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Shah v Ul-Haq & Ors, Court of Appeal, 9 June 2009

23 June 2009
The issues

Road traffic – fraud – striking out – whether a claim should be struck out on the ground that the Claimant had been involved in a fraud upon the Court in respect of an associated claim.

The facts

In May 2006 the Defendant, Anita Shah, negligently drove her Peugeot into the rear of a Rover motorcar which was stationary in front of her at traffic lights. The Rover belonged to Mr Ul-Haq who was driving it. There was minor damage to the Rover. In the Rover with Mr Ul-Haq was Mrs Parveen, Mr Ul-Haq’s wife, and their two children. A claim was made by his wife for minor whiplash injuries and also by Mrs Samara Khatoon, Mr Ul-Haq’s mother who alleged that she too had been in the car and had suffered a whiplash. Both Mr Ul-Haq and his wife supported Mrs Khatoon’s claim that she had been in the car at the time. Mr Shah denied that Mrs Khatoon had been in the car and also disputed that any of the Claimants had suffered any injuries. The matter went to Trial before the Recorder. At Trial Mr Ul-Haq and his wife gave evidence that Mrs Khatoon had been a passenger at the time of the collision. The Defendant argued that Mr Ul-Haq and his wife were lying about the presence of Mrs Khatoon and about their own injuries and that all the claims should be rejected. Alternatively, the Defendant argued that if the Recorder were able to find that Mr U;-Haq and his wife had suffered genuine injuries, then the Recorder should strike out their claims under CPR 3.4(2) on account of their part in the attempted fraud. The Recorder found that Mrs Khatoon had not been in the car and that Mr Ul-Haq and his wife had conspired with Mrs Khatoon to support a fraudulent claim. Mrs Khatoon’s claim was dismissed with costs on an indemnity basis but he held that Mr Ul-Haq and Mrs Parveen had genuinely suffered minor personal injuries. He declined to exercise his discretion under CPR 3.4(2) to strike out the claim and assessed Mr Ul-Haq’s damages at £2,583.38 and his wife’s at £2,259.37. He further directed that each should pay two-third’s of Mrs Shah’s costs of defending the claim, ie £1,777.00. The net effect of these Orders after set off was that Mr Ul-Haq, Mrs Parveen and Mrs Khatoon had between them to pay Mrs Shah £1,375.75. The Defendant appealed to the High Court. The High Court Judge came to the conclusion that there was a discretion under CPR 3.4(2) to strike out even a genuine claim at the end the Hearing and accepted that the Recorder’s approach had been coloured by his doubts as to the existence of the power and decided to exercise the discretion afresh. He approved the approach suggested by Judge Phillips in Ghalib v Hadfield, namely, that there were two questions to be asked: i) to what extent had the Claimant failed to help the Court to further the overriding objective, taking into account the definition of that objective of CPR 1.1 and ii) whether in the light of the conclusion under i) the discretion should be exercised to strike out the claim under CPR 3.4(2). The High Court Judge, following this approach and carrying out the balancing exercise suggested by that case, concluded that although the fraud was serious, it was not of the most serious kind and declined to strike out the claims, dismissing the Appeal. The Defendant appealed further to the Court of Appeal.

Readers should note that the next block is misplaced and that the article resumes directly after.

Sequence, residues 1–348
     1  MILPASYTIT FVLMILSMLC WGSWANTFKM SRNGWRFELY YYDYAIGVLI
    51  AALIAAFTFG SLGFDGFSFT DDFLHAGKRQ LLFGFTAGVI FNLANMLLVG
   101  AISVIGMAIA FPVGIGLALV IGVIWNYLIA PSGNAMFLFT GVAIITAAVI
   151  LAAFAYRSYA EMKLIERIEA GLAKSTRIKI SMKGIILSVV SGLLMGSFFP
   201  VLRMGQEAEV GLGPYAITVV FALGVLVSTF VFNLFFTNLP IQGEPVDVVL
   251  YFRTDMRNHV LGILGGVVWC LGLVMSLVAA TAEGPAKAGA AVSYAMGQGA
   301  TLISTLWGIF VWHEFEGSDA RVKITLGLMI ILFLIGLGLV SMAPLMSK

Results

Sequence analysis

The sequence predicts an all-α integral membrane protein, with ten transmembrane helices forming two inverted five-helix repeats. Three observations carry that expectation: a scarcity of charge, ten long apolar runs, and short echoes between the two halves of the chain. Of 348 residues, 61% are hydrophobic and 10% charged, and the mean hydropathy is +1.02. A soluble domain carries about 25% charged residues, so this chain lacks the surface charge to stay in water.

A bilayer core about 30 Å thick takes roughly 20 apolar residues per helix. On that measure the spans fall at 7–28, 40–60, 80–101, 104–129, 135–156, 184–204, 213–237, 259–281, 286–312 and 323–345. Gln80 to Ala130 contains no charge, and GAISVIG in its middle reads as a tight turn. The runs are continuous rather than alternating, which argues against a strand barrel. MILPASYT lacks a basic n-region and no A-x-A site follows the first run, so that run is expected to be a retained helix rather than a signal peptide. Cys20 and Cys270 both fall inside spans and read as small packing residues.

The decision

The Court was unaware of any reported case in which a Judge had dismissed the whole of a claim because he had found that the claim had been dishonestly exaggerated. The invariable rule is that in those circumstances the Judge would award the limited damages which were appropriate to his findings. The Claimant’s credibility might be damaged such that he failed to prove any part of his loss but if he proved some loss he would recover that even though he had fraudulently attempted to recover far more. It was well established that a Claimant would not be deprived of damages to which he was entitled because he had fraudulently attempted to obtain more than his entitlement. There was no logical justification for suggesting that the position should be different where the Claimant’s attempted fraud consisted of lying to support the claim of another person rather the lying to enhance his own claim. The policy of the law was not to shut them out from justice altogether, save in circumstances where the claim related to an insurance contract. That policy might be wrong and it might be that the law should be changed. The Court had some sympathy with the view that fraudulently exaggerated claims should be struck out in their entirety. However, such a change would have to be a matter for Parliament rather than judicial intervention.

Appeal dismissed.


Both Lady Justice Smith and Lord Justice Toulson made some pointed comments about the frequency of fraudulent claims in personal injury actions and Lord Justice Toulson in particular noted that the Claimants in this case, on the basis of the Judge’s findings, were guilty of serious criminal offences, including conspiracy to defraud and conspiracy to pervert the course of justice and that it might be that prosecutions were needed as a deterrent to others.

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The content on this page is provided for the purposes of general interest and information. It contains only brief summaries of aspects of the subject matter and does not provide comprehensive statements of the law. It does not constitute legal advice and does not provide a substitute for it.

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